Expert Interview
May 18, 2020

NBTC Interview: Time to Stay Connected

NBTC invites Chinese to “follow in the footsteps of Van Gogh”.

In 2020, the Netherlands expected Chinese to “follow in the footsteps of Van Gogh”. From riding through the world’s first glowing bike path inspired by Starry Night to appreciating the Night Café inside the Hoge Veluwe national park, Chinese could follow this new route designed by the Netherlands Board of Tourism and Conventions (NBTC) to discover more art and nature. 380,000 Chinese visited the Netherlands last year.

However, this poetic plan was all disrupted by the harsh reality. Eddie Yang, NBTC’s China representative in Beijing, still looks upbeat in his orange tie. He shares the latest changes in the market and explains why it is crucial to stay connected with Chinese.

Eddie Yang at the NBTC press event in China last December.

How are Chinese travellers affected by Covid-19 ?

Those on top of the income pyramid are not affected despite everything that happened. They still want their trip to be tailor-made and perfect to the smallest detail. Only the travel restrictions and fear of virus can limit them. Those in the middle are individual travellers, small groups, and those with special interests. They are less affected, compared with the price-sensitive ones. These people have to compromise for nearby destinations or come to Europe less frequently.

One interesting thing to notice is that Chinese savings soared in the first quarter of 2020 [with a 13% year-on-year growth, the first time hitting 200 trillion RMB according to China central bank]. In the past decade, Chinese spent more but saved less. The savings climbed up, because people had nowhere to spend money during lockdown and they are more willing to save [because Covid-19 reminds them of the Chinese philosophy “prepare for the raining days”].  It is interesting to see how people will spend when Covid-19 is over.

How will Covid-19 change Chinese travel spending and preferences?

I think people are more willing to spend on spaces. Rather than mingling with strangers, they may pay for a private room in the restaurant or a business class seat. They will also feel more comfortable if the hotel bathroom, elevator as well as public areas are disinfected frequently.

Some preferences are strengthened by Covid-19, such as enjoying the natural scenery and dining out with family and friends. These preferences have always been there but the lockdown makes everything more precious.

What may prevent Chinese from travelling to Europe again?

The attraction of Europe remains. But Chinese care about safety. There are many racist attack videos spreading on social media. For example, one Chinese student in Germany was attacked on the street and admitted into the hospital. Chinese watched these videos and started to think if they are safe and welcome in Europe. The racism impact can last longer, as it has cast a shadow on people’s hearts. On a positive note, independent young travellers may be less affected, because they are experienced in dealing with other cultures and they are open to communication.

What are Dutch museums and attractions doing right now to stay connected with Chinese?

Frankly speaking, we don’t see that many initiatives so far. The market will come back eventually and it is important to stay connected and keep the presence. Competitors are doing that. That’s what I want to emphasize to our tourism partners: you have to let people know you are there, instead of disappearing.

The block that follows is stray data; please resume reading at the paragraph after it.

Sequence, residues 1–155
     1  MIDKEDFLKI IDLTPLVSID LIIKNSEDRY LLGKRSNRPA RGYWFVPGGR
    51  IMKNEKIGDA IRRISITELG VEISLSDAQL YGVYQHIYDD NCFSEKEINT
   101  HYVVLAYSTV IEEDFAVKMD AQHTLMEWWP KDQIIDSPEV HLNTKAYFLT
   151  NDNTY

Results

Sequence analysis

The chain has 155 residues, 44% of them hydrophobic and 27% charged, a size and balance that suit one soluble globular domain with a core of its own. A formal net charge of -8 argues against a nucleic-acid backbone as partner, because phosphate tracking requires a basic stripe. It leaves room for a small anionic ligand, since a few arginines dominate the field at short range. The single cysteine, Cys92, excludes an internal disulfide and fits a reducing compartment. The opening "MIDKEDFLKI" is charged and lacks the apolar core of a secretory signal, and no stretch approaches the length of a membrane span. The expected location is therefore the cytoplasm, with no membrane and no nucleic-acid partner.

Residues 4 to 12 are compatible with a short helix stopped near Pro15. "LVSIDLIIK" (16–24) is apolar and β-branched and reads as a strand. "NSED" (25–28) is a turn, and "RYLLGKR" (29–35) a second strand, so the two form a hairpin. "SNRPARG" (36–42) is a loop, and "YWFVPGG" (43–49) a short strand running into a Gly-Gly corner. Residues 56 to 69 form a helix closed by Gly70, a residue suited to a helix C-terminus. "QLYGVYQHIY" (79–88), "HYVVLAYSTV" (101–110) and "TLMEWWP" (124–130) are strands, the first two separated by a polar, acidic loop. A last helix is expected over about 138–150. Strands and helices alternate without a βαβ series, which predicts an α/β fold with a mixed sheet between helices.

On our NBTC WeChat, we have been releasing a series of “cloud travel” videos to stay connected with Chinese and stir up their anticipation about coming to the Netherlands. The Keukenhof also shares videos to remind people to come back next year.

What would you advise the Dutch tourism players to do to clear Chinese doubts?  

At this moment, we could come together under the umbrella of the Netherlands. If everyone puts in a small investment, we could grow the cake and make the pieces bigger for everyone. Image campaign is a good choice now, because a lot of travel decisions are based on previous impressions and this is the moment to plant good impressions [in Chinese minds and hearts].

When Chinese do come back again, small details can make a big difference, such as the hand-wash detergent at the entrance or temperature detectors. Chinese have seen such measures at home and will translate these to safety assurance. They will think “oh, this place is taken good care of”. Welcome videos showing a harmonious environment can also kick away the negative feelings.

Which Dutch theme tours are gaining popularity among Chinese?

For the past 12 years, we have been working with Chinese garden influencer Cai Wanzi. She has very dedicated followers [who can go on two-week tours discovering gardens alone]. We invited her to visit various gardens and share the itineraries on social media. Dutch masters such as Van Gogh and Vermeer is the second theme we have been using for years to attract families with young children. Our educational programs in museums are popular among Chinese parents who want to enrich their children with art and culture and make the school holidays better-spent.

When will Chinese be ready to travel abroad again?

People are just discouraged to travel. All the practical details like quarantine prevent them from travelling. There is no easy solution to this complicated situation. So they just let it go for now. Tourism recovery is not as quick as we can expect, but also not as long as we cannot wait. In the next two years, travel will come back for sure.

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